Crohn's disease

A common health problem
Initially recognised as a rare disorder, Crohn's disease became a more common health problem in the industrialised world during the 1970s. During the 1980s the number of patients seemed to stabilise. However, most recent reports indicate an increase in numbers of newly diagnosed cases of Crohn's disease, especially among children and teenagers.

Inheritance and environment
Clearly, both Crohn's disease and Ulcerative colitis have multifactor origin. Twin studies from Sweden, Denmark and UK have demonstrated that genetic factors explain approximately 20-50% of Crohn's disease cases. This would suggest then, that at least 50% of cases are caused by alternative factors, not relating to genetic inheritance. The most obvious environmental risk factor is cigarette smoking, with a two-fold lifetime risk for smokers to develop Crohn's disease as compared to non-smokers. Furthermore, smokers tend to have a more severe course of the disease than non-smokers and also less benefit from medication.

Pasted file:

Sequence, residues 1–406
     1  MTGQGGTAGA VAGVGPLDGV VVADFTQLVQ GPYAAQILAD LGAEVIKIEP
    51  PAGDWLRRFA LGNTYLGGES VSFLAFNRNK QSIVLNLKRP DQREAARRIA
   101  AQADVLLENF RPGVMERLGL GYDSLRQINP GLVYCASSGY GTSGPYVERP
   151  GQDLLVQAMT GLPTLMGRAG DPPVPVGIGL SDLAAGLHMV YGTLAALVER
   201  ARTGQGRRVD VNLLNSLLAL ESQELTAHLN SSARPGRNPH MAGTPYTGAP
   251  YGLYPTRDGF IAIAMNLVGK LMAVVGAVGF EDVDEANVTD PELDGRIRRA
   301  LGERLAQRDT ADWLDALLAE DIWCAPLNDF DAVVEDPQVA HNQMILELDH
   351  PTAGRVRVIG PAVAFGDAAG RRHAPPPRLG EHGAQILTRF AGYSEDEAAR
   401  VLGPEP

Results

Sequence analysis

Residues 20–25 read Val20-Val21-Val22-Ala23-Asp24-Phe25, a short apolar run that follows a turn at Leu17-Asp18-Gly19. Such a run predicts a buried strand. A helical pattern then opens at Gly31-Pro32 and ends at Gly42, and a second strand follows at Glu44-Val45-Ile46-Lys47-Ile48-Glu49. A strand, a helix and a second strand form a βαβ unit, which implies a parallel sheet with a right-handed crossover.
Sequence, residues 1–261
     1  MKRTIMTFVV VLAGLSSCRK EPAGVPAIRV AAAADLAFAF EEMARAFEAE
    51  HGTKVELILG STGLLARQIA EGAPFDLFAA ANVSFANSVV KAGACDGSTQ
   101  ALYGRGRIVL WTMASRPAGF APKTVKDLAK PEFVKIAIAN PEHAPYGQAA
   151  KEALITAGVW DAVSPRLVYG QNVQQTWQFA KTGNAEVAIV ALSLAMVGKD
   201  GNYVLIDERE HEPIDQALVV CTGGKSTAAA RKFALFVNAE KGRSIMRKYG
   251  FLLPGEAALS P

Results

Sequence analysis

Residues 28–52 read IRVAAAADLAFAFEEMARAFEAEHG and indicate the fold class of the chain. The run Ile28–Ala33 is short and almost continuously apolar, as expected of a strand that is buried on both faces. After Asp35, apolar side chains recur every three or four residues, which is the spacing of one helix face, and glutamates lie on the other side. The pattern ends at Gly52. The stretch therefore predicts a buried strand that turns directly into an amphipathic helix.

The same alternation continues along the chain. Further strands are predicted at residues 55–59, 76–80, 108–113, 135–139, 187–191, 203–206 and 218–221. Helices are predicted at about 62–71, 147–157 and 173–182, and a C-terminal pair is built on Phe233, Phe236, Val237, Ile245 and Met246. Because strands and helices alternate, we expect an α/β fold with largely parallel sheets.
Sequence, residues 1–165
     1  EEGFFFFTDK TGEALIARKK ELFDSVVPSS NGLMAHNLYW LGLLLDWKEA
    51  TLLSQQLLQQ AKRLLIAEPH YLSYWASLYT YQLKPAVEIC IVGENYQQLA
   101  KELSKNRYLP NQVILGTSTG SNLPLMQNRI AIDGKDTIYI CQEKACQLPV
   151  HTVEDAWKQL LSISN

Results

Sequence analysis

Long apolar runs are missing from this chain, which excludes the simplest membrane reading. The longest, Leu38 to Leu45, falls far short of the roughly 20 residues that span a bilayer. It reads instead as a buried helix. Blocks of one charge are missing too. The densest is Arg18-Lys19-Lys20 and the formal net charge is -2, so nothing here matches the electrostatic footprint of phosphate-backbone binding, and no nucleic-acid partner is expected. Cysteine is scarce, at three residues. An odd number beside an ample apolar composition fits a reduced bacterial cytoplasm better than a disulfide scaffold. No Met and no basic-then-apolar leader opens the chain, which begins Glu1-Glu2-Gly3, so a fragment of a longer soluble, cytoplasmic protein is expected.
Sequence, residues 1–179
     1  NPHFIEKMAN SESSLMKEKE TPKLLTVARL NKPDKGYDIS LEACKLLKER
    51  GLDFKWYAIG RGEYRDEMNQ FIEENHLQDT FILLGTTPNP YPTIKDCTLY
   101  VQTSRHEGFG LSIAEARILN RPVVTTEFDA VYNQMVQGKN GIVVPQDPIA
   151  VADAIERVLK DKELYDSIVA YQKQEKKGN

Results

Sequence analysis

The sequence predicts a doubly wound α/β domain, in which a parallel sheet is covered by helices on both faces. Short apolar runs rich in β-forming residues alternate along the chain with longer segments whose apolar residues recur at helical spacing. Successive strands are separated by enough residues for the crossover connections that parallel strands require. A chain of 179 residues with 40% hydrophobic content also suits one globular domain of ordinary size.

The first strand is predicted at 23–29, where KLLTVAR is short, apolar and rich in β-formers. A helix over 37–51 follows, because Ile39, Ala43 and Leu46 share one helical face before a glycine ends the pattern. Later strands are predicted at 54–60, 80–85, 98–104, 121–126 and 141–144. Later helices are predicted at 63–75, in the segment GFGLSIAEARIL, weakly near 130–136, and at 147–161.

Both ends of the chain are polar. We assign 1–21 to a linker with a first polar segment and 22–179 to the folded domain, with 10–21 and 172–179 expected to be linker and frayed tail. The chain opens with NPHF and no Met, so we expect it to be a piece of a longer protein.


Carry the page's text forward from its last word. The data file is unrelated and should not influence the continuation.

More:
Surprisingly enough, no clear link has been established between special diets and the risk of either Crohn's disease, or Ulcerative colitis. However refined sugar, margarine, baker’s yeast and cola drinks have been listed as presumptive environmental risk factors.